Sometimes you’re faced with an impossible situation and you don’t know what to think and there’s really no right thing to do.
Wait, let’s back up.
Because well before there’s the metacognitive awareness, “I see that this is an impossible situation,” you have to do your best to remember what it was like before. Back in the nebulosity. Already “how it was before” has begun to fade in light of the clear understanding that “here is an impossible situation.”
How, roughly, was it then before? From what you can remember, it was like a fog. This something was at the edge of your consciousness, sometimes coming into it and at other times going out of it. Occasionally, you wrangled with it or came–too quickly–to years’ long detente. Maybe the hope was that it would “just simply go away,” but you doubt that you ever voiced that thought or even had that feeling.
Evidently, you now see, for quite a while you had no idea how to really be with this, yet you also didn’t know that each way of relating to it was inadequate, incomplete, ill-conceived, or somehow else.
We are trying, right now, to remember how it was now that the fog has lifted. You don’t know in what ways you were blind or why exactly you were blind, but needless to say you were. Nor were you able to register how much what you now call “the impossible situation” irked, niggled, nibbled away at the edge of your consciousness. It hurt.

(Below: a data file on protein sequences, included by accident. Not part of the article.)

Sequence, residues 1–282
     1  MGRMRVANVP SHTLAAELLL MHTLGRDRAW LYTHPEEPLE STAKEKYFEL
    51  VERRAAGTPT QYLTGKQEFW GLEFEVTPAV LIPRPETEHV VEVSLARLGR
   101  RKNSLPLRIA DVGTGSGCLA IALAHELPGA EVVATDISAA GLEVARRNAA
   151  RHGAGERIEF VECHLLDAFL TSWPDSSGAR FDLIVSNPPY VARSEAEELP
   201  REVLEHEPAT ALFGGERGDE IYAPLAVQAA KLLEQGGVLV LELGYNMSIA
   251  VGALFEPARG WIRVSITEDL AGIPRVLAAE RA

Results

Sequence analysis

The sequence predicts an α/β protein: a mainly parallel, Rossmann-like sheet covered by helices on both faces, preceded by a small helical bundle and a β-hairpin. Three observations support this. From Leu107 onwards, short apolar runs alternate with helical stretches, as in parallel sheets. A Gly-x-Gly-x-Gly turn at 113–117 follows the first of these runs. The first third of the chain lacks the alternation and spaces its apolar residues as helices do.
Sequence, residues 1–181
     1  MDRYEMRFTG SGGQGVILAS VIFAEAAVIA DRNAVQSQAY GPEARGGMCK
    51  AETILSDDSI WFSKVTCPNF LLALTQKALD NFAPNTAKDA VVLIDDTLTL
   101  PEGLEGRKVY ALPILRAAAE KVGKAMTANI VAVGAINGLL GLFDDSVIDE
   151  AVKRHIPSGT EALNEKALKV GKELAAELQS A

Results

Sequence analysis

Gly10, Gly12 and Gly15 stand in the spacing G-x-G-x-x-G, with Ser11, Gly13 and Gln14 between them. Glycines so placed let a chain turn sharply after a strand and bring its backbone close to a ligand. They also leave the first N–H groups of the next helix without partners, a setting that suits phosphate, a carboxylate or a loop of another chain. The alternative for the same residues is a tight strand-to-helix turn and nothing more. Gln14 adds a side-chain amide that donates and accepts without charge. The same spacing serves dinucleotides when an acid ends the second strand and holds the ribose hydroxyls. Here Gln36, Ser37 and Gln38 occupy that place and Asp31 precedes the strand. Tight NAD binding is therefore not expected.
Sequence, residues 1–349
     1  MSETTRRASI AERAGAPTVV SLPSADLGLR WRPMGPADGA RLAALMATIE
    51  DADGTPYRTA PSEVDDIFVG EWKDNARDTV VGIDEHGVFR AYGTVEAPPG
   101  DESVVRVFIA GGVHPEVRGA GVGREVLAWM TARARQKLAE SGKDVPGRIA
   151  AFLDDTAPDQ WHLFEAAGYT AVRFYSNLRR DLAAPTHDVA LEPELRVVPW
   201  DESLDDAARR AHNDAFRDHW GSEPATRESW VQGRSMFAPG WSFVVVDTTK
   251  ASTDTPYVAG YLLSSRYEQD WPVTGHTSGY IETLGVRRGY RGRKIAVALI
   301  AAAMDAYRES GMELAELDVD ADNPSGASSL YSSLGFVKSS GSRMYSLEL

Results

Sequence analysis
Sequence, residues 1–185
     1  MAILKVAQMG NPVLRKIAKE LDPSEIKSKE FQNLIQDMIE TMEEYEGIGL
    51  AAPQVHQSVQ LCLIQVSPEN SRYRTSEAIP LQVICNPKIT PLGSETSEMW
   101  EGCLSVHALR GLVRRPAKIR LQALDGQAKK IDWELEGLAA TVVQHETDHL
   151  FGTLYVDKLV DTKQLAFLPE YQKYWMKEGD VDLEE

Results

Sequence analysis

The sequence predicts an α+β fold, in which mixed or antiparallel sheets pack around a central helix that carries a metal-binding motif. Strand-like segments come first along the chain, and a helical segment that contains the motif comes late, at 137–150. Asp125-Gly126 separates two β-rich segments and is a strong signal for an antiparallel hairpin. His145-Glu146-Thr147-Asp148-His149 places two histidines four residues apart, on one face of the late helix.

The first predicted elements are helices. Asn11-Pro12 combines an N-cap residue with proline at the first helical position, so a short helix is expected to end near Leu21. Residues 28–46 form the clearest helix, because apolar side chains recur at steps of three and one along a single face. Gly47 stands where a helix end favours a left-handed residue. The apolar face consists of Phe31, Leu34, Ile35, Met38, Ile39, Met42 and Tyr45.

Now the ache, coming with the understanding, is here and clear: you’re in an impossible situation. If you consider it deeply and if you feel your way into the felt sense too, then soon you also come to see: “It’s just wanting too much from me: I can’t bear it any longer, but I’ll never be free of it.”
The more you think of what to do, the more you recognize that there is nothing you can do that won’t leave blood on your hands. No peace to be found and no way to disentangle the whole thing without its blowing up.
This realization too is unsettling and, for a time, may make you feel powerless, as if your hands are really tied. But then as the pressure from this unbearable something mounts (realization has a tendency to fast track what had been sorta fine, sorta not for sorta a while), you come to know that you must act. You can’t not.
The situation is impossible. It is unbearable. You’ll never be free of it. And you have to do something about it.
You now see that you’re left only with the least wrong option as the thing that you must do. And you know that when you act to effectuate the least wrong option, the impossible situation, as it dissolves, will be temporarily worse because visibly and feelingly explosive. The detente has ended, the long winter somehow experiencing, right now, the damned hottest days of summer.
So? So, forget about drumming up consolation for yourself (self-mollification will do you no good), and simply do your very best to accept that you’re confronting the tragic dimension of human life. Accept that blood is on your hands, no matter what. Embrace the least wrong option. And see that sometimes life falls into tragedy, and we, unknowingly until too late, are its pained protagonists. This happened to be that time for you.
I wish I could tell you that there is something you can “learn from all this,” but I’m afraid that even the wisest among us are subject, now and again, to blindnesses that sneak up on us until, much, much later, they’re bold enough to announce their presence as this impossible situation. And this announcement, remember, always comes long after you’ve been playing the part in a play that began some unspeakably long time ago…